Football without Borders | CHRISTINA GRAMMATIKOPOULOU
Browsing through Caio Vilela’s Futebol Sem Fronteiras: Retratos da bola ao redor do mundo
Slideshow images and captions by Caio Vilela © 2009 Caio Vilela
No matter how many places I go to
I find that people are the same
Next to the football on our small screen, the football of the world cup and the championships, of the mega-sponsors, the competition and the billions of Euros, there’s another football: the football of the children that play in vacant lots, of the people that run after a ball on the street.
A parallel reality: the game.
A simple reality where the rules are made up and accepted by everyone.
In the game, people leave their multiple real life roles behind -profession, education, social class- and simply become players, units and parts of the team at the same time.
Even time changes: it flows just like when we were kids, when the end of the game was marked by the sunset, by thirst or tiredness -and wasn’t imposed by the clock.
As for space, there’s no borders: it’s the first thing we realize as we browse through Caio Vilela‘s book “Futebol Sem Fronteiras” (Football Without Borders).
The photographer has traveled all around the world -from Antarctica to the deserts of Egypt and from Mount Everest to the beaches of Brazil- capturing with his photographic lens moments, monuments, people.
As he was traveling, he must have met very different human characters, cultures, landscapes, climates, communication codes.
But there was always one common point of reference: football.
The same game, different places, different players, different means.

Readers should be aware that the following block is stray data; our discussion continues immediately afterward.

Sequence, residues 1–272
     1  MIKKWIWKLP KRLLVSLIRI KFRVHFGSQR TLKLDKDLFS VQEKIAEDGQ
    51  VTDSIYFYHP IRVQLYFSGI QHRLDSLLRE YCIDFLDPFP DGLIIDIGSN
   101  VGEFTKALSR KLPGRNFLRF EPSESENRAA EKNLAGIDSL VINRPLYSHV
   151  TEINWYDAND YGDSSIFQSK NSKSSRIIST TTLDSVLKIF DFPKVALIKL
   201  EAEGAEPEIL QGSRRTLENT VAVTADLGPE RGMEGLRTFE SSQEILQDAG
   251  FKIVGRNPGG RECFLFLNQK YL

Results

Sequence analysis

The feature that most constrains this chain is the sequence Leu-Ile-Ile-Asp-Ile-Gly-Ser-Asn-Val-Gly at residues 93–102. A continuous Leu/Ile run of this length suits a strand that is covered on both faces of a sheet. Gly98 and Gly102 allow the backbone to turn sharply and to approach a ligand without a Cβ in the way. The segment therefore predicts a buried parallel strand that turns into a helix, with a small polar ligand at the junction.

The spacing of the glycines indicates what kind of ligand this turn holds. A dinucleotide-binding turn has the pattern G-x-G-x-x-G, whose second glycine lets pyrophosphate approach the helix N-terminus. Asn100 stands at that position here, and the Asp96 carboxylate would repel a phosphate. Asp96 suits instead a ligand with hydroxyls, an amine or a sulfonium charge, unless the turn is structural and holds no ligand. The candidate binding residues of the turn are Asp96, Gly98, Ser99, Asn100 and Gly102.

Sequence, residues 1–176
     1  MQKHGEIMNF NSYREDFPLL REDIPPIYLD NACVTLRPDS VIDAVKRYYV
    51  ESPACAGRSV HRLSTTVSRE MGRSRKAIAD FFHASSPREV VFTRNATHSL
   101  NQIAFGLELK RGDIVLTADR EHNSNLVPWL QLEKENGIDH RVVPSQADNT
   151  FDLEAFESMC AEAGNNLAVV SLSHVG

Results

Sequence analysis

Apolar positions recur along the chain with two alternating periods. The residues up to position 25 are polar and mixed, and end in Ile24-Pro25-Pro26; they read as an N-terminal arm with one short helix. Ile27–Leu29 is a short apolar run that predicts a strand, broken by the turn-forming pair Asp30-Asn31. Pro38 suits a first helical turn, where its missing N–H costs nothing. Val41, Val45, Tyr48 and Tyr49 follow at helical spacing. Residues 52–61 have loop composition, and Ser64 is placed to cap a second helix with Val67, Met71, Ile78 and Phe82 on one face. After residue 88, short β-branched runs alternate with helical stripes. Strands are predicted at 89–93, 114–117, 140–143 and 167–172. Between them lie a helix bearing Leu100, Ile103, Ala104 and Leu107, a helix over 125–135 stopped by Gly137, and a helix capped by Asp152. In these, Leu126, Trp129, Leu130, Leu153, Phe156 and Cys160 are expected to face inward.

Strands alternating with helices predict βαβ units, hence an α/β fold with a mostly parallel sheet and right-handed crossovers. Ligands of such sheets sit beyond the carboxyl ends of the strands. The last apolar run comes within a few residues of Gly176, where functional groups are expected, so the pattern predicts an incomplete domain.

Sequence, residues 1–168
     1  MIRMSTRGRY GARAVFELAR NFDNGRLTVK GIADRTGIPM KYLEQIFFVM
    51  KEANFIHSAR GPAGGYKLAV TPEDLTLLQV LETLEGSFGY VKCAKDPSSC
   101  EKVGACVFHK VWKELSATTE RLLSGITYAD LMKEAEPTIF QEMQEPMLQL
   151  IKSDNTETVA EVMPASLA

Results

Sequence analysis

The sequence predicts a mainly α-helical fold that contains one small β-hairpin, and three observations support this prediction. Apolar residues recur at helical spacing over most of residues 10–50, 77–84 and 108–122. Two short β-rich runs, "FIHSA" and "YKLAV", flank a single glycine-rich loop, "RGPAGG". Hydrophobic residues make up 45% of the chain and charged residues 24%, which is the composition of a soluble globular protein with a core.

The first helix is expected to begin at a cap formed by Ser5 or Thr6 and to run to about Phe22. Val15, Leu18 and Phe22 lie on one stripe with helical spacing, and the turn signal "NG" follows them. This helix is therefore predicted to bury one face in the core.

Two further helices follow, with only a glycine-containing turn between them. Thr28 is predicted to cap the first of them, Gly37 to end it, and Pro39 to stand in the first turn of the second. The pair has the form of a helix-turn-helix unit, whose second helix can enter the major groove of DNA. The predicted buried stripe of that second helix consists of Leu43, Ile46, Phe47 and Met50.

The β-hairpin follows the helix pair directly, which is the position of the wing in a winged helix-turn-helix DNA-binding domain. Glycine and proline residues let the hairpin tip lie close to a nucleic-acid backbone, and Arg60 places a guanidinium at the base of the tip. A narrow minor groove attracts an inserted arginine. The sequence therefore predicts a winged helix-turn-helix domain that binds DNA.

The football fields: exotic beaches, world heritage monuments, favelas, deserts, volcanoes, metropolises. The players: children, travelers, Tibetan monks, camel or elephant drivers, families. The raw materials: goal posts made of garbage nets, sticks or imaginary goal posts, professional balls or balls made of straws, sacks with rags.
The differences in means and the majestic surroundings is the first thing that strikes us when we look at the images and read Caio Vilela’s remarks about the character and the meaning of football in every country.
However, when our eyes get satiated by the colors of the world, during the second reading of the book, what we see is similarities: the expressions in the faces and the movements of the bodies are very familiar to us.
In the dance of the players around the ball we recognize moments from our own experience and relive the joy of the game.
Page after page, our experience becomes one with the photographs of the book and the images liven up: we can hear the voices of the players, their laughter, we smell the street dust, we feel our chests panting.
And realize with a smile that whenever we go to, no matter how different people we come across, we will always be able to communicate with them by playing football.
Therefore, through Caio Vilela’s “Futebol Sem Fronteiras” (Football Without Borders) we discover that street football -in contrast to the football of the green turf and the advertisements, that divides people into groups and brings forth historical, political and economical controversies or creates fake antagonisms- can become a common point of reference, communication and understanding.
A soccer ball brings us all together.